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The Design of a Visual Display for the Presentation of Statistical Quality Control Information to Operators on the Plant Floor.

We applied human-centered design methodologies to enhance the presentation of product quality information to operators on a manufacturing plant floor. First, an initial visual display concept that integrated a pictorial representation of a product with standard graphical and tabular information about the product's quality was refined through iterative design and testing. A preliminary study was then conducted to determine the specific features of such a display (termed a pictorial control chart) from among eight candidate detail designs. Finally, a formal study was conducted to compare the performance of operators using this refined pictorial control chart design with their performance using a conventional control chart. Operators completed a quality control task in significantly less time using the pictorial control chart. There were no significant differences in the number of errors committed with the two charts. Subjective measures showed a significant preference for the pictorial control chart. Actual or potential applications of this research include the development of quality control tools that are useful to and usable by operators on the manufacturing plant floor.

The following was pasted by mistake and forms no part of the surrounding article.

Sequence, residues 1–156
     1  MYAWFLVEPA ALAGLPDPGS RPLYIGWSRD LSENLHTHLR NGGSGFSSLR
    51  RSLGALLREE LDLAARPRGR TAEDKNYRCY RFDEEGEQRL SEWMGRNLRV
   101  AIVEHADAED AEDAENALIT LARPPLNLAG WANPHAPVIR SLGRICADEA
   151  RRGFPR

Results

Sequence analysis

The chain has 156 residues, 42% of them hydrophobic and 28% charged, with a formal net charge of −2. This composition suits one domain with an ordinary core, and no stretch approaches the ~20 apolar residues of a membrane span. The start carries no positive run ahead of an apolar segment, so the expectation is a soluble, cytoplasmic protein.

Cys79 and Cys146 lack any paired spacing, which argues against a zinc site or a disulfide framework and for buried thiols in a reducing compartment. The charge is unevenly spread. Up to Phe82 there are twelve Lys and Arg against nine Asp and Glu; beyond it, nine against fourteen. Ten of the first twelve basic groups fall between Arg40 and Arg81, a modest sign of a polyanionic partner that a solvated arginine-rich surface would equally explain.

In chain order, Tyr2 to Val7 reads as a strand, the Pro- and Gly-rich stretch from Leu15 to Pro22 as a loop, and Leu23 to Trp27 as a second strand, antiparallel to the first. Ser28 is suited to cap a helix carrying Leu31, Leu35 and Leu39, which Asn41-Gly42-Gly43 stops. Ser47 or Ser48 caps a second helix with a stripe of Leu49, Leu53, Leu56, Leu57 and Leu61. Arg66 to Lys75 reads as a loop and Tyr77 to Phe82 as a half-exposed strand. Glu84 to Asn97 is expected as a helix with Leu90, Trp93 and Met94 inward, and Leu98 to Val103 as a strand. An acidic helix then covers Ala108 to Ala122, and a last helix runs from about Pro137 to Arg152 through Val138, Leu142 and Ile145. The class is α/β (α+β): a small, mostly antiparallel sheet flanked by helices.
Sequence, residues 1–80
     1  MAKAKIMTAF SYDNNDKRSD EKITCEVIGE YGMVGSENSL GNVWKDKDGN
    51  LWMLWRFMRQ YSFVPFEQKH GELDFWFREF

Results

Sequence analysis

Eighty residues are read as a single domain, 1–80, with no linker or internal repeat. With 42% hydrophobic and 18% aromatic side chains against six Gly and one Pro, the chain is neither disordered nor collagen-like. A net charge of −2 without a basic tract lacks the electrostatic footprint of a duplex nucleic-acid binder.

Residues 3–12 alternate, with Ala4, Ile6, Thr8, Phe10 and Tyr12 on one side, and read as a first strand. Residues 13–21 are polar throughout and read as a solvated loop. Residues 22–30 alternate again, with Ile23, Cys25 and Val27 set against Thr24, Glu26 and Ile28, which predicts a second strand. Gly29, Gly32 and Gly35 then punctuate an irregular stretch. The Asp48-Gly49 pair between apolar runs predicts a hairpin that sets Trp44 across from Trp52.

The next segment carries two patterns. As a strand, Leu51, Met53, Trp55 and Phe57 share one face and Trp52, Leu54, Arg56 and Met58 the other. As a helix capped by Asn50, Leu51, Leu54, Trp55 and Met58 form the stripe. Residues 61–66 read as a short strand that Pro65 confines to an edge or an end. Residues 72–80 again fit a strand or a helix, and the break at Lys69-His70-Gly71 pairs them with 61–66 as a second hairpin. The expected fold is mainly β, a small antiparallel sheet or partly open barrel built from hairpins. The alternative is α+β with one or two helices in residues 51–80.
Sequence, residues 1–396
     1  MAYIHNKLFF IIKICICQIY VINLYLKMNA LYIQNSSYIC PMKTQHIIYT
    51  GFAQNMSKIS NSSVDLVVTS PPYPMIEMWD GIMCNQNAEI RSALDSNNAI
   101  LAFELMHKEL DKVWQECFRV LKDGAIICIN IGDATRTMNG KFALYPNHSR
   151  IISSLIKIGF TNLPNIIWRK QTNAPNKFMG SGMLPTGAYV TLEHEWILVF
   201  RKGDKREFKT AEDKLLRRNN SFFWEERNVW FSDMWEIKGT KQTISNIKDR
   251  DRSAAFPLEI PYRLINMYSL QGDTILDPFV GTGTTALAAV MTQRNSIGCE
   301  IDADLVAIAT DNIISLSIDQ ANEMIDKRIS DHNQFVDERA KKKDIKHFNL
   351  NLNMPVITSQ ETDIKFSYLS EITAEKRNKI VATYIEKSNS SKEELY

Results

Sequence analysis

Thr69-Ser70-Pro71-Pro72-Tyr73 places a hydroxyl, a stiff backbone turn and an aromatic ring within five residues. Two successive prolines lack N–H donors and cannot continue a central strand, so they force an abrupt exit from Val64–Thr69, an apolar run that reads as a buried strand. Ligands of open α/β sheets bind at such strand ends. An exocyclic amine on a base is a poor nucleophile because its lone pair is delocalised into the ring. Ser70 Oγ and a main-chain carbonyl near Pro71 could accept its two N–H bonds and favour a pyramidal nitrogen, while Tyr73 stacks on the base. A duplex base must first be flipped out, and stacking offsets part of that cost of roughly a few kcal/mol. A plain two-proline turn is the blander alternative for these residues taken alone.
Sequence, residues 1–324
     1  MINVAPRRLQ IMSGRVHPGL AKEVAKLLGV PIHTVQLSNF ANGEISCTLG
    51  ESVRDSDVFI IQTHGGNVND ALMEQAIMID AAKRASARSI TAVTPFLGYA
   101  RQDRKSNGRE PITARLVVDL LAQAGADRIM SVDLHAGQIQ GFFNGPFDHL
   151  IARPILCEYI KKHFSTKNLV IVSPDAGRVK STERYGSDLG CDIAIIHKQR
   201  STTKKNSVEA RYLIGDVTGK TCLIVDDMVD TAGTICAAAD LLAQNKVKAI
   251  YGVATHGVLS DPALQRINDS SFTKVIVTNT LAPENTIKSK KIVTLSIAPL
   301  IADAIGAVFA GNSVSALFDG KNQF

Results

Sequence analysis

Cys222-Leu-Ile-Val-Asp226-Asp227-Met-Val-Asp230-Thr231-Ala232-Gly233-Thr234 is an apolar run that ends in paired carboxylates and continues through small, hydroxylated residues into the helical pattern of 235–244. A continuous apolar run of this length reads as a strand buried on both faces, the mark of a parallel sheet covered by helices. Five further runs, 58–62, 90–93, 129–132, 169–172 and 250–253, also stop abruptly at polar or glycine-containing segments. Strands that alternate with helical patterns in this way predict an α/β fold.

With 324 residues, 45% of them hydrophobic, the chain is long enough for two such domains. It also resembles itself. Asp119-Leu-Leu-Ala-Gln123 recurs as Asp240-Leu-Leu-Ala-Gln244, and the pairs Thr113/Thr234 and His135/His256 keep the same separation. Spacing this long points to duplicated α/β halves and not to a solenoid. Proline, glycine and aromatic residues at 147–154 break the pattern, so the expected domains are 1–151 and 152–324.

INTRODUCTION

Quality has been defined as "fitness for use" (Juran & Gryna, 1980). To make a product fit for use in a world of complex products, markets, and competition, quality control must focus on preventing defects rather than on responding to them. X-bar and R control charts (also called variable control charts) are tools used in industry to prevent defects. They allow for the control of one variable per piece, per chart and are used when data are continuous (Charbonneau & Webster, 1978). Continuous data include measures of a dimension, a weight, an output, a hardness, and a tensile strength.